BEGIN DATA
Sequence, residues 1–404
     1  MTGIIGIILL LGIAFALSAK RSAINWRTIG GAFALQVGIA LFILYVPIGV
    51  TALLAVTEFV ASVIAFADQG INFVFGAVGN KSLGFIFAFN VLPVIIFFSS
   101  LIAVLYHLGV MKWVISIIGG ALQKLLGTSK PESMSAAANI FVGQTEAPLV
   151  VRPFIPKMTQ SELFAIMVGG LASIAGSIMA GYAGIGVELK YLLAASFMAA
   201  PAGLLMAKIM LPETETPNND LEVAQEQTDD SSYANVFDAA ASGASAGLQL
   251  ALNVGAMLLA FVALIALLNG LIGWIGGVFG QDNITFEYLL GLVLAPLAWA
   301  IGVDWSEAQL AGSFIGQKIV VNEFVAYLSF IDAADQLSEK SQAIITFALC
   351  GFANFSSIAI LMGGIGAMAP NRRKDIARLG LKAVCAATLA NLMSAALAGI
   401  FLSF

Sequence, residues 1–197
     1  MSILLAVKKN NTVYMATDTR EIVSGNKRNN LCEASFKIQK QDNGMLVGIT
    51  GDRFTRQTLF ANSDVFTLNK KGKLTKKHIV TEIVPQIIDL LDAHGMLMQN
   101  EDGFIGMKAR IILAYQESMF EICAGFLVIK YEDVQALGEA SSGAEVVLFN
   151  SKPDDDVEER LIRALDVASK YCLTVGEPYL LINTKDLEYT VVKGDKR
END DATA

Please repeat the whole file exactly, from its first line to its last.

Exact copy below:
Sequence, residues 1–404
     1  MTGIIGIILL LGIAFALSAK RSAINWRTIG GAFALQVGIA LFILYVPIGV
    51  TALLAVTEFV ASVIAFADQG INFVFGAVGN KSLGFIFAFN VLPVIIFFSS
   101  LIAVLYHLGV MKWVISIIGG ALQKLLGTSK PESMSAAANI FVGQTEAPLV
   151  VRPFIPKMTQ SELFAIMVGG LASIAGSIMA GYAGIGVELK YLLAASFMAA
   201  PAGLLMAKIM LPETETPNND LEVAQEQTDD SSYANVFDAA ASGASAGLQL
   251  ALNVGAMLLA FVALIALLNG LIGWIGGVFG QDNITFEYLL GLVLAPLAWA
   301  IGVDWSEAQL AGSFIGQKIV VNEFVAYLSF IDAADQLSEK SQAIITFALC
   351  GFANFSSIAI LMGGIGAMAP NRRKDIARLG LKAVCAATLA NLMSAALAGI
   401  FLSF

Sequence, residues 1–197
     1  MSILLAVKKN NTVYMATDTR EIVSGNKRNN LCEASFKIQK QDNGMLVGIT
    51  GDRFTRQTLF ANSDVFTLNK KGKLTKKHIV TEIVPQIIDL LDAHGMLMQN
   101  EDGFIGMKAR IILAYQESMF EICAGFLVIK YEDVQALGEA SSGAEVVLFN
   151  SKPDDDVEER LIRALDVASK YCLTVGEPYL LINTKDLEYT VVKGDKR